Our Top-Secret Sin by Fr. Theodore from St. Michael’s Abbey

This is Mary, John’s wife posting.  I found this homily exactly the challenge I need to grow in holiness by rooting out the base that is in me, through God’s Grace.

“The mentality just described by St. Francis might be summed up in one sentence: “I’m too weak to practice virtue—at least, not heroically like the saints did—so I’m definitely dispensed from doing so.” Some of us here may be thinking similar thoughts. Despite this presumption, we might still manage to save our own soul, but many others will be lost—those onetime wayward souls whom any given saint manages to drag along with himself to heaven. Even one mortal sin can cost us much peace of mind, yet umpteen souls are lost and our conscience won’t be any worse for the wear, because here below this sin of which we speak will remain buried under a heap of excuses. We wanted to avoid the cross, but in the end we only managed to exchange one cross for another—perhaps even a heavier one. In the process, we forfeited ever so much joy to which the saints are privy both in time and eternity. What shall we say about all this? How about a prayer? Lord, spare us so rude an awakening in purgatory! Save us from our secret sin—and from our top secret sin: ingratitude. Make us thankful in thought, word and deed. Amen.”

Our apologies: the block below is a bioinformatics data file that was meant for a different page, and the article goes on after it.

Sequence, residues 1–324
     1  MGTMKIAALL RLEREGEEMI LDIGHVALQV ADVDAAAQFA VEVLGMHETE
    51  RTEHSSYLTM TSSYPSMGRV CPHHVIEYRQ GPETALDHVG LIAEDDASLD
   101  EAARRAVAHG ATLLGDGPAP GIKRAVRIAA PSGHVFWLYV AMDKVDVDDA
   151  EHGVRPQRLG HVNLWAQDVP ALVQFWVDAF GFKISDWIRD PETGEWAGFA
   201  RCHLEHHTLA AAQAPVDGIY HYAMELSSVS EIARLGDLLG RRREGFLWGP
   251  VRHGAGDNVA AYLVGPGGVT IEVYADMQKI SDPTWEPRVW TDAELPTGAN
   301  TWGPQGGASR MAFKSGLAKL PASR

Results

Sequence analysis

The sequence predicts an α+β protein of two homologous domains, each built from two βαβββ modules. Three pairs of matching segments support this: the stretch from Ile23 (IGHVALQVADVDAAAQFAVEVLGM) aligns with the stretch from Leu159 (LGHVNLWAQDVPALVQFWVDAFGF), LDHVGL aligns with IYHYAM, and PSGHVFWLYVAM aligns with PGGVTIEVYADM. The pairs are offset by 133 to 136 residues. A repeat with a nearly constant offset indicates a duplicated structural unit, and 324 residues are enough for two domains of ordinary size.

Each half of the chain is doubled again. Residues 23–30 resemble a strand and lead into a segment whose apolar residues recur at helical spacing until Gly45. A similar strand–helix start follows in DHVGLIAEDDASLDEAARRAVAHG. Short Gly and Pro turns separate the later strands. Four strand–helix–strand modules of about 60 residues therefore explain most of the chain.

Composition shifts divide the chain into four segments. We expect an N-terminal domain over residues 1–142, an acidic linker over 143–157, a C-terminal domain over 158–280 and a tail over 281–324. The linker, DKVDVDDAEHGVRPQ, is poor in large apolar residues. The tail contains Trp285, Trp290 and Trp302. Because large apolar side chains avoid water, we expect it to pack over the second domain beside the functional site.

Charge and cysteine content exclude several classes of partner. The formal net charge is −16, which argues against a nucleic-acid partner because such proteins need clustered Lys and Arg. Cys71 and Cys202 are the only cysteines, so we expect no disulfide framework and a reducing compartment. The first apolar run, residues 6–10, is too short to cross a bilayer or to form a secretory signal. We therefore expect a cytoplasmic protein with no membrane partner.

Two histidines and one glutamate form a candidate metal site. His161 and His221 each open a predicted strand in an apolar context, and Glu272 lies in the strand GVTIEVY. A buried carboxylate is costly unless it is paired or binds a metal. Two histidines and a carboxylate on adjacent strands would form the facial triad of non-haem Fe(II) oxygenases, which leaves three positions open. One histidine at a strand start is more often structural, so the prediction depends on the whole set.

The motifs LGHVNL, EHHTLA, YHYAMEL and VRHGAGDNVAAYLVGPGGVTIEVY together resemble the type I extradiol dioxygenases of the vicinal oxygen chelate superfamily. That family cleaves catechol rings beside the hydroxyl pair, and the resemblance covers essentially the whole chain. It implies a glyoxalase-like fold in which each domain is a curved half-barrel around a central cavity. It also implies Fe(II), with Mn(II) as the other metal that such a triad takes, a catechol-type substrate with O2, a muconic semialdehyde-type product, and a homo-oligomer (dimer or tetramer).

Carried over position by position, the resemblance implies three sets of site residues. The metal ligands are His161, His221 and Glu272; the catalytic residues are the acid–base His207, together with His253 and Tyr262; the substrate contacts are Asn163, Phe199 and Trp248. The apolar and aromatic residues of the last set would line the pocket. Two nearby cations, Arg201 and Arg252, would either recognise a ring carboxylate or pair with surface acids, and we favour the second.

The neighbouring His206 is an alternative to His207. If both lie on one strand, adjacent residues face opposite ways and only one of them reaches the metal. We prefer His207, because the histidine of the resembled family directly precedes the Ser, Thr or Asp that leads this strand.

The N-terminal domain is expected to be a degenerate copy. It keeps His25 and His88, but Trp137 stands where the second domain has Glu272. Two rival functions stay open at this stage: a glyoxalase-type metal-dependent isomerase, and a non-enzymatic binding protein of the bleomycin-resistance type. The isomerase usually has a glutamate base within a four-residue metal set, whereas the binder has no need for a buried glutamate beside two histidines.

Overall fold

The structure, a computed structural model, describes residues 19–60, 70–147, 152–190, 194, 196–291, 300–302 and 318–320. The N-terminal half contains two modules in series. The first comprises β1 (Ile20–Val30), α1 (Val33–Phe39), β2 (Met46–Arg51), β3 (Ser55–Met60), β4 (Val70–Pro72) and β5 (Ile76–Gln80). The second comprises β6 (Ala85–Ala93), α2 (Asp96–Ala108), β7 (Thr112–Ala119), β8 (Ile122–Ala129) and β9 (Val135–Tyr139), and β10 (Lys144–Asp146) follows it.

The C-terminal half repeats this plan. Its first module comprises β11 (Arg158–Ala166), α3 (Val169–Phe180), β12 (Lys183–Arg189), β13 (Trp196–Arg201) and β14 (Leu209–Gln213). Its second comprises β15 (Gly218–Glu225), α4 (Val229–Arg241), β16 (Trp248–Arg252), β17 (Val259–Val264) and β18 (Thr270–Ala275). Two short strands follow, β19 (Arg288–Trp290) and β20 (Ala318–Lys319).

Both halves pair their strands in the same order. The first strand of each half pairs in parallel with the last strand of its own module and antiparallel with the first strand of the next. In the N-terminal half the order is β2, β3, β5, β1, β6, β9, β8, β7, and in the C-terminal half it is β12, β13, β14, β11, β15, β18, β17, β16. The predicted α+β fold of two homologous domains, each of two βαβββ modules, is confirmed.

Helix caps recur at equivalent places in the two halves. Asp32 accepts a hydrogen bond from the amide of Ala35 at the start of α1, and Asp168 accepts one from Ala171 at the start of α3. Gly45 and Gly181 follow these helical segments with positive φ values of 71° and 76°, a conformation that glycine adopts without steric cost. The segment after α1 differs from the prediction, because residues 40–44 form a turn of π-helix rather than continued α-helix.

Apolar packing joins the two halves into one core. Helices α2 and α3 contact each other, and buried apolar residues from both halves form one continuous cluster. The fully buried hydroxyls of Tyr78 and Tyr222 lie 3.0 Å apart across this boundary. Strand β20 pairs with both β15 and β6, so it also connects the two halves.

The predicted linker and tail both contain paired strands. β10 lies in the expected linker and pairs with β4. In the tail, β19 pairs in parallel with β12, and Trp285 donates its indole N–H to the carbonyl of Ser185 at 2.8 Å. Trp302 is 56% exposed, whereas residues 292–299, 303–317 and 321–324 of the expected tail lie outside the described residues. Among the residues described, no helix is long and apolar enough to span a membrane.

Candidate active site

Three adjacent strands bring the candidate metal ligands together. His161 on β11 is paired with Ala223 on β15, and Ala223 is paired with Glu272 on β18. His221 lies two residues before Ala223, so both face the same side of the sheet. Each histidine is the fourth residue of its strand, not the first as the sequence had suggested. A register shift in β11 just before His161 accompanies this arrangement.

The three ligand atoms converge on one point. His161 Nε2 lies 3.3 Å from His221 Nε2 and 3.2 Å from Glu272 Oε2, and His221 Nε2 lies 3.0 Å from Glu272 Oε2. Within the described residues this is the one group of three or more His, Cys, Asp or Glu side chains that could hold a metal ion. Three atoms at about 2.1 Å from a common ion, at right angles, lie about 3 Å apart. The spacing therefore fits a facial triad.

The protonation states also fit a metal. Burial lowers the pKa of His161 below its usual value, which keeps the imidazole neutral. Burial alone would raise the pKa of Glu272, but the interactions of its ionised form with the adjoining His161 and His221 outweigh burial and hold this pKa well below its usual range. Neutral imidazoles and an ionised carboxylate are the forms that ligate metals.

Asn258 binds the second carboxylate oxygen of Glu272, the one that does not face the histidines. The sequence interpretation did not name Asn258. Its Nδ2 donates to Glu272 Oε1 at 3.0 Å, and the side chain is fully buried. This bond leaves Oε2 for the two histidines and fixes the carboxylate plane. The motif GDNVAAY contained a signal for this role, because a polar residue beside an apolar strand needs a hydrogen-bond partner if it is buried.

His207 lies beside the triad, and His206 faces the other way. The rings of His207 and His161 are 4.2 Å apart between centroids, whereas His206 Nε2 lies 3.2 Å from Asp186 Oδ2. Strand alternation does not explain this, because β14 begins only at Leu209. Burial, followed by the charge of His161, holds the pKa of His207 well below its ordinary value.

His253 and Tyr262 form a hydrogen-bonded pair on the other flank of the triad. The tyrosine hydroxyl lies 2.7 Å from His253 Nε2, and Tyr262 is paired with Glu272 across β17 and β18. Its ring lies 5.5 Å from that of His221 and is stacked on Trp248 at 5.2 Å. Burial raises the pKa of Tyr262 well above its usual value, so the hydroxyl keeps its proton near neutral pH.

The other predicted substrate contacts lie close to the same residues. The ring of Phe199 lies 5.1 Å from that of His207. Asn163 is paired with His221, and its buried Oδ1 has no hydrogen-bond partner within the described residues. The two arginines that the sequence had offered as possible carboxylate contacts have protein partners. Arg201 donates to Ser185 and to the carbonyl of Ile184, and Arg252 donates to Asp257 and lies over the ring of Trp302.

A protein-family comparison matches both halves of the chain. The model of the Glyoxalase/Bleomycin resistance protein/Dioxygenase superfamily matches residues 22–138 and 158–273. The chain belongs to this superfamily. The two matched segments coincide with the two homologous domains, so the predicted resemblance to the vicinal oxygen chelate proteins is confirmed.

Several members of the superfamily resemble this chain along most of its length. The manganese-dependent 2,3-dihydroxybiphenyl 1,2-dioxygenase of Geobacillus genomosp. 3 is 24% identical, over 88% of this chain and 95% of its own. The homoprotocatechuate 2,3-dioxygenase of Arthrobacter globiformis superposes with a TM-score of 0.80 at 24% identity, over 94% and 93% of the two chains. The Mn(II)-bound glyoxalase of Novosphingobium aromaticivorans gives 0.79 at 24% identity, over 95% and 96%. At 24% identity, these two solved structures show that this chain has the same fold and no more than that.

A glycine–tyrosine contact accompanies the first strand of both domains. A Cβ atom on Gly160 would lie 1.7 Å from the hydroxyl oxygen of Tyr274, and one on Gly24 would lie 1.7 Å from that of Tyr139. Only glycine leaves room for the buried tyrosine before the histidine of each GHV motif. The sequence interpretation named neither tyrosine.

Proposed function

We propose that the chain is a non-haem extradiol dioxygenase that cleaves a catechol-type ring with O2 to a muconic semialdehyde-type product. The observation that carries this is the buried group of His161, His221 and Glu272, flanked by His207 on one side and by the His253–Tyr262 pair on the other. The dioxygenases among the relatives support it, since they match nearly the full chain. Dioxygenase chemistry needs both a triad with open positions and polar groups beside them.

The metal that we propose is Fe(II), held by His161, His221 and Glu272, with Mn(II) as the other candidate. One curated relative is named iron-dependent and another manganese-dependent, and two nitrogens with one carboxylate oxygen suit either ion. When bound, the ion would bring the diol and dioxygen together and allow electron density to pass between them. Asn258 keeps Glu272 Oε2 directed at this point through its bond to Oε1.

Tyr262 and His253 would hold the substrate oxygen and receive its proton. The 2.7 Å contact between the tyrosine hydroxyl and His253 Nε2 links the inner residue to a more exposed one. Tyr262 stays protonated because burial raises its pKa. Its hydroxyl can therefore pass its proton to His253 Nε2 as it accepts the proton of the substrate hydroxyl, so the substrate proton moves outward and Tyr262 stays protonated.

On Riots, Racism, and Standardized Testing: All you need is Love, and that means Christ

Our nation is in turmoil.  Everything distopian novelists and “crazy conspiracy theorists” have written about seems to be coming true.  Early in the Obama administration, for example, people said he’d create a national crisis to declare Martial Law and establish a dictatorship.  Well, the tensions are arising, and Obama  established aprogram under everyone’s noses to begin nationalizing local police forces.  Major cities keep erupting in race riots.  The Supreme Court is likely to overturn every state law on marriage and establish yet another fictious constitutional “Right.” Some people are being driven out of business for expressing thir Christian beliefs while other businesses are denying Christians their services.   Hillary Clinton says if (and when) she’s “elected” President, she wants to force all religions to accept abortion.

All of it just shows society’ need for Christ.